Before they went on board the vessel, the children had no clue what was waiting for them. They probably thought it was just a picnic where they would have fun. But the INS Vikrant turned out to be a pure delight. From the moment the tribal children entered the ship, they could hardly contain their excitement. They had never seen anything so gigantic. Born and brought up in a village environment, the ship structure was a shock to the kids, who shouted in amazement, "This boat is so big!" Soon, they were taken around the ship and were shown the different decks of vessel. The children learnt about the vital role that INS Vikrant had played in the Indo-Pak war of 1971 and why it had been nicknamed "The War Heroine of 1971". The children also discovered how the Indian Naval officers lived onboard warships and how they ran their ships. Besides that they learnt about fighter jets, missiles, torpedoes and bombs. In short, they learnt about how the Naval forces defend their country.

After the two-hour or so of exploration of the ship, the children were taken to the navy office in Colaba, where they had snacks (Biscuits, cake and soft drinks) before being treated to a magic show. The children were completely bowled over by the magician’s acts who performed every trick in the book. When the magician produced pigeons out of nowhere, the children clapped in absolute delight and wonder. After the magic show, the children had a relishing lunch. Before   they left, every child got a small gift package containing a pencil, an eraser, chocolates, a balloon, and a whistle. They kids savoured every moment of this breathtaking trip to India’s glorious first aircraft carrier.

"Later, so many children thanked us for the wonderful experience, which they know their parents cannot give them. They were thrilled and very happy indeed," says Kadam. The 55 children may have never imagined that something could be so big till they actually saw it. We may never be able to understand what they felt and experienced. But we know for sure that the experience was special for them. And who knows, one of them may have silently decided to grow up, join the Navy to serve the nation.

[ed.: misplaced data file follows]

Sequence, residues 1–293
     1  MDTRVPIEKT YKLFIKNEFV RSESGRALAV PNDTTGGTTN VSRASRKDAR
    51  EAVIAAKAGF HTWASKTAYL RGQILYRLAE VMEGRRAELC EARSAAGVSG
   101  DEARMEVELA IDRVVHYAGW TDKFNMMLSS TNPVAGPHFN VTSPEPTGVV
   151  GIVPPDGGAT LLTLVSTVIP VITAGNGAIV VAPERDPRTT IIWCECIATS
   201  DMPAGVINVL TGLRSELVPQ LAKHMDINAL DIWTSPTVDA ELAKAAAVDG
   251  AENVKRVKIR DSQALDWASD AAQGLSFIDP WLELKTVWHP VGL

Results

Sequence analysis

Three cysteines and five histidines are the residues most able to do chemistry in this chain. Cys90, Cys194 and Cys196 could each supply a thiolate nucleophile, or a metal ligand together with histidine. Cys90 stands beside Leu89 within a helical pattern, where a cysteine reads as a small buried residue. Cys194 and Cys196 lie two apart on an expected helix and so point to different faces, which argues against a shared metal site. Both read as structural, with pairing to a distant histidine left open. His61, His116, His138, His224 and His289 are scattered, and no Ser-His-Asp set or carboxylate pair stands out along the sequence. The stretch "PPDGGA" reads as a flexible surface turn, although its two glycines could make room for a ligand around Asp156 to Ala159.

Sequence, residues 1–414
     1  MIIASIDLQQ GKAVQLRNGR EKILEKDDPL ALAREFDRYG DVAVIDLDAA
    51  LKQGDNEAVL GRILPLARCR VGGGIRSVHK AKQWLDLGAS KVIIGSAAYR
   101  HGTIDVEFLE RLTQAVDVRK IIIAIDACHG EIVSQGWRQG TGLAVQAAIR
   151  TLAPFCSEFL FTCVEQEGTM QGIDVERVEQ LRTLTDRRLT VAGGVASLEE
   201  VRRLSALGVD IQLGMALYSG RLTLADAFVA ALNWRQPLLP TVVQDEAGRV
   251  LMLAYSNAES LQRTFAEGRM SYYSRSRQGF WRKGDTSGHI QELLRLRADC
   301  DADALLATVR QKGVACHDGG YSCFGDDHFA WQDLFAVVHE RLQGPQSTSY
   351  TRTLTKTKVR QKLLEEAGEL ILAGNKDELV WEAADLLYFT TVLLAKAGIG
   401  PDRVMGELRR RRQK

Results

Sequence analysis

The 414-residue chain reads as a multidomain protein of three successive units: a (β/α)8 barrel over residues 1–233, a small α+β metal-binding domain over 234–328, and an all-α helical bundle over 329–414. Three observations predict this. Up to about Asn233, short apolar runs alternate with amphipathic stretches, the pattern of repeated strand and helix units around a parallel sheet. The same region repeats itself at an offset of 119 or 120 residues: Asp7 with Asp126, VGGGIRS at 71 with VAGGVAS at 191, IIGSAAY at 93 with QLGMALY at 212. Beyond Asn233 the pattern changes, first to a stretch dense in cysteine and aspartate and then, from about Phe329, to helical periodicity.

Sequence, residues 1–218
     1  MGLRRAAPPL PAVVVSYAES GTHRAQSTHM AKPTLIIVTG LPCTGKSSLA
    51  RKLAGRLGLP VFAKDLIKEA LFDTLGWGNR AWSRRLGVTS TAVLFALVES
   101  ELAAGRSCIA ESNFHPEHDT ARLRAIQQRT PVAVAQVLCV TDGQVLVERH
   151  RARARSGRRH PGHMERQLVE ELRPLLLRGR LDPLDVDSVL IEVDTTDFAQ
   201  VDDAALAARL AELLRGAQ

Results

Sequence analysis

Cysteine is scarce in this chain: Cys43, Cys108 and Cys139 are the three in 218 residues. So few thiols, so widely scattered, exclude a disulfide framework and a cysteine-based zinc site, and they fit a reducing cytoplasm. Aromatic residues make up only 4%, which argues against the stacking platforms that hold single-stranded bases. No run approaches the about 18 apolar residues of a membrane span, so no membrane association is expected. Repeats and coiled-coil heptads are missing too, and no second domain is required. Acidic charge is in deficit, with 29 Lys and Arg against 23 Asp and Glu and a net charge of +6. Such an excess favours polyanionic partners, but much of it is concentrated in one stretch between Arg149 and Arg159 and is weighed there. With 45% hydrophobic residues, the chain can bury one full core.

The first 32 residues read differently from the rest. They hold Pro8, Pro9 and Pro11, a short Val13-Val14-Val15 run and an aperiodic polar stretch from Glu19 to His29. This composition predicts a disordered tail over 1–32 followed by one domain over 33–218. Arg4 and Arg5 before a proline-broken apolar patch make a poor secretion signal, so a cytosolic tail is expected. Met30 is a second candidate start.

Science for Society

Science for Society

Jidnyasa’s Science Square is a programme that brings students, teachers and scientists together for creating a better world. Science Square encourages students from various colleges to work on community issues by applying scientific methods. Earlier this year, when Jidnaysa launched the Science Square programme, the aim was to collaborate with research institutes and colleges to bring science out of the ivory towers and into the streets.

On October 29, 2004, members of Jidnyasa Vidnyan Munch (science platform) presented their research projects as part of the Science Square programme. Dr. Shyam Asolekar, head of department of Environmental Engineering at IIT Bombay and Ashok Datar, Director of Maharashtra Economic Development Council were the chief guests at the event. SYBSc students of Ramnairain Ruia College and B N Bandodkar College presented six projects as part of Science Square. Two class seven students from Thane, Sai and Jai, presented a special project titled, "Contamination of Water in Storage Tanks of Residential Societies in Naupada Area". Sai and Jai, who are members of Jidnyasa, won accolades from guests for their research, which found that in 25 per cent of all the societies in Naupada, water stored in tanks is heavily contaminated.